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Atlantic & East Coast Report
Animal Rights FinancingMaking DollarsBy Myles Higgins
Thursday, April 13, 2006
Nothing stirs the ire of animal rights groups like mentioning their fund raising activities. In past articles I've examined the finances of some of these organizations, including my favorite Shepherd Paul Watson, leader of the Sea Shepherd Conservation Society. It's an organization that claims one of the reasons it is opposed to the seal hunt in Canada is because the only market for seal products is fur for the fashion industry. Perhaps this claim is the motive behind the group's attempts to halt sales of Omega 3 health supplements made from seal oil. I mean if the world saw some non-fur markets for seal products opening up it might impact the fund raising capabilities of his group.
The last couple of years, when I have mentioned "the hunt" , the written responses I've received have mainly come from zealous believers in animal rights, not from the leaders of animal rights groups. It is only when the topic of their financing has been touched upon that the fur really starts to fly, (no pun intended). It's only then that the leaders of these groups begin to trip over themselves to respond. Why is that I wonder? Is the light too bright for them?
With this thought in mind, today I'd like to discuss Paul Watson once again. He is as I've said, one of my favorites with his self professed pirate ways and all that fun stuff. Besides, at this point in the hunt he seems to be the only one getting any attention anyway (all the others have pretty much closed up their fund raising campaigns by now). With his call for a boycott on Costco, Paul has managed to get a little bit of attention lately so why not give him what he loves best, a news story.
Without further ado and in an effort to prove that my article response theory isn't just a figment of an overactive imagination, I've decided to publish some of the financial information I've gathered about Watson and his group over the last few years. Some of this material has been published in other articles before, but I thought it might be interesting to view it all in one place. (Besides I'm feeling a little lazy today and cut & paste is so easy).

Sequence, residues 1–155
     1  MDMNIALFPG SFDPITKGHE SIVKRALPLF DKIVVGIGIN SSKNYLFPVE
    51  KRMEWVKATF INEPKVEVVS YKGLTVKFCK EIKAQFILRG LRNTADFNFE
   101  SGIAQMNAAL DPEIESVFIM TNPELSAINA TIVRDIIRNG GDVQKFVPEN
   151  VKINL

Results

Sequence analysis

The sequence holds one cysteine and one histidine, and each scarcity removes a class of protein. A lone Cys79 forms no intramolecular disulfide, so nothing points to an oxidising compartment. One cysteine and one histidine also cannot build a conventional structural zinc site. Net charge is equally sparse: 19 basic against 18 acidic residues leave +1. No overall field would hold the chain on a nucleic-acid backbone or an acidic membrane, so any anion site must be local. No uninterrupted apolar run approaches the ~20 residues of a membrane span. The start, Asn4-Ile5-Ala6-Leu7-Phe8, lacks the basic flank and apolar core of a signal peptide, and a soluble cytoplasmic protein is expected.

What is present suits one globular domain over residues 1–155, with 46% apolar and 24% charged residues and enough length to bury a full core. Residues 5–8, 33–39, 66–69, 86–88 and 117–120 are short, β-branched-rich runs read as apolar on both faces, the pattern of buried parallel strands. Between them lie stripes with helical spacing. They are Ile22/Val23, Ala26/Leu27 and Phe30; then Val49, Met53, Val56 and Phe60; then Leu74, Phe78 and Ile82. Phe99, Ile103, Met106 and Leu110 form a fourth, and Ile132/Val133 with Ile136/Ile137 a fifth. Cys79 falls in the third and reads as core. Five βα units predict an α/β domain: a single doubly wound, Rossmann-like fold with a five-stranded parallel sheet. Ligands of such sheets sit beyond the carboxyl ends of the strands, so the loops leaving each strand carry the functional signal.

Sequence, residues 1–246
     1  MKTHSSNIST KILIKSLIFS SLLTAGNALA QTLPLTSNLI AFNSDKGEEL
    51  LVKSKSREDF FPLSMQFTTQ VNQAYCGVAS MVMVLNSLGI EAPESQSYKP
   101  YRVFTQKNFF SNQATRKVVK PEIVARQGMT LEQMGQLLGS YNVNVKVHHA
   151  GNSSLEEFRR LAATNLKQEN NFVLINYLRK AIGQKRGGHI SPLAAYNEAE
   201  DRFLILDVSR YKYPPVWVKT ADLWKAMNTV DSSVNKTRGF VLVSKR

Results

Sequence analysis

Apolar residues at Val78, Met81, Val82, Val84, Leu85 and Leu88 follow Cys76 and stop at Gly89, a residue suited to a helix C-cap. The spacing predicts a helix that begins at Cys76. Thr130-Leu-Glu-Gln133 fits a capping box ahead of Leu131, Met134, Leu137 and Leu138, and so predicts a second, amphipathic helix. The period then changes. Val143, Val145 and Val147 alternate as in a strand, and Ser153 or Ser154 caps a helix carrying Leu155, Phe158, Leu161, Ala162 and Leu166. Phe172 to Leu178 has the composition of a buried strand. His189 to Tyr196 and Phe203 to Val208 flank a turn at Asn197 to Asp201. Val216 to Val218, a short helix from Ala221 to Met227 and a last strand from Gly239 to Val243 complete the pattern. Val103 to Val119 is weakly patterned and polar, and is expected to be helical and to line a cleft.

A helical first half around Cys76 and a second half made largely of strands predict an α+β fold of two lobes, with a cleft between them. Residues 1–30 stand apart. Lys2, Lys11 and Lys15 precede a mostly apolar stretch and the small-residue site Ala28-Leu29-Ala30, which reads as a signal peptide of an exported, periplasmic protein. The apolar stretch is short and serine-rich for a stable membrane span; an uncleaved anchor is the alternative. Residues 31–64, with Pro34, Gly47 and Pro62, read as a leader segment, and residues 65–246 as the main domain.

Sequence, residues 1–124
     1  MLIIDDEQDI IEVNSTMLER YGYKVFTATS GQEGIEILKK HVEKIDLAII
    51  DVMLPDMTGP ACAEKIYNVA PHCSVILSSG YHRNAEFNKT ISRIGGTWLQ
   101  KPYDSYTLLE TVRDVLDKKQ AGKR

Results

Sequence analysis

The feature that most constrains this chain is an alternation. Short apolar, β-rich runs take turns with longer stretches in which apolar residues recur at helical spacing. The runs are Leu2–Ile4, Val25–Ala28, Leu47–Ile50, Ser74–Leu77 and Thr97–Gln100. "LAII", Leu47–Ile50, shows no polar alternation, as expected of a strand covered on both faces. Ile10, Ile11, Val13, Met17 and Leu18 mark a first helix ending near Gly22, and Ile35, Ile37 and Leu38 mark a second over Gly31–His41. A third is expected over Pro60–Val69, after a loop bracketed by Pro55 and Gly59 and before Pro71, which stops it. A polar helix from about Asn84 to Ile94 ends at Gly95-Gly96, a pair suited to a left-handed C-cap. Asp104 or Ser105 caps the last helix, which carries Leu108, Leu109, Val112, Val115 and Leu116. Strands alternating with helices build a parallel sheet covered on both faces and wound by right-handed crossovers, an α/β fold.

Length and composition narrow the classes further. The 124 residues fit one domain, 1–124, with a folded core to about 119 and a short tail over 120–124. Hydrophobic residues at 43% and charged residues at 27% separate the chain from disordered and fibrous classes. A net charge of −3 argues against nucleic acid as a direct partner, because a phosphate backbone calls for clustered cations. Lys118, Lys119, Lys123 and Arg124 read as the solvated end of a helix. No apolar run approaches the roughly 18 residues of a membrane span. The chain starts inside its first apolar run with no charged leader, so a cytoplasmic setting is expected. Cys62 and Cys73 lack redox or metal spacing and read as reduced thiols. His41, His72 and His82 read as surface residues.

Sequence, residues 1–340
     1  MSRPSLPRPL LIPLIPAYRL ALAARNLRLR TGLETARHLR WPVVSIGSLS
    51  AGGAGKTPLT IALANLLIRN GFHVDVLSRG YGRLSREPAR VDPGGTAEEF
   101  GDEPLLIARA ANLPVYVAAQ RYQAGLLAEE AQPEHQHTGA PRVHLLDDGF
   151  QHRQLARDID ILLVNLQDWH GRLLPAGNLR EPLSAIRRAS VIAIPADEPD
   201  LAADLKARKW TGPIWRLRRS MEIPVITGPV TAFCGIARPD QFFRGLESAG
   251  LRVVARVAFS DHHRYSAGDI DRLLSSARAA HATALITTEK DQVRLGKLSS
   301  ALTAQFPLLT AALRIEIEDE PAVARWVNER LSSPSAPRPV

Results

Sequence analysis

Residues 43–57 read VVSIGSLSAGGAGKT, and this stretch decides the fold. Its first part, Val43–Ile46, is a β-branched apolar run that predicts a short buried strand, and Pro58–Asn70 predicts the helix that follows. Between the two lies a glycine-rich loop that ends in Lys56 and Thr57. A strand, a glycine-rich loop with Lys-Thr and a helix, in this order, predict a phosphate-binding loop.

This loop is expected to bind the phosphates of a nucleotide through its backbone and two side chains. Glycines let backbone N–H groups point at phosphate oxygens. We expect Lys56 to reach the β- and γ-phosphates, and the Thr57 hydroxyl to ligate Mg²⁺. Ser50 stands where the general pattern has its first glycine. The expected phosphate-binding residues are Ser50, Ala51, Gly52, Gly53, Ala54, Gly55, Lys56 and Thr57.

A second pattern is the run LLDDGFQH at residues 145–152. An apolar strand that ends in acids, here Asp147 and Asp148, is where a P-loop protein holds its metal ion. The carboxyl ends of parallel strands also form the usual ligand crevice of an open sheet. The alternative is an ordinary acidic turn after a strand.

Let's see how long it takes before I get some response.
Oh by the way, to the "save everything" believers in the audience, this article is neither pro or anti sealing so save your breath on that point. OK? It's strictly financial in nature so let's fill up on some carbs and try to stay focused on the real point for a while shall we?
Fact: If you visit the Sea Shepherd web site, you will easily find about 15 ways to donate your money to the group. These guys are great at making giving easy for the believers. Methods include:
Online Credit Card;
Call in / Fax Credit Card;
Mail in Donation;
Stock Donations (I guess this is where the Society's Harley Davidson and Exon Mobile stock came from);
Frequent Flyer Miles (yes, they take those too);
Planned Giving and Wills (Even after you're dead you can keep on giving, what a humanitarian the Shepherd is);
Wish List (This is where they tell you what neat products they want and you can give those to them)
Workplace Giving (If it comes off your paycheck you won't even miss it folks!!!);
eScrip Shopping Program (another fun one. Stick around for details);
Sea Shepherd Credit Card (I'm not kidding, you can have your very own Sea Shepherd Visa)
Vehicle and Vessel Donation (anyone got a ship they've been trying to unload, here's your chance).
Fact: Some of the items on the Sea Shepherd wish list, at the time I checked it out anyway, included:
"A Flat Screen T.V.";
"VHS Player"; and
Fact: You can also take advantage of their special partner program.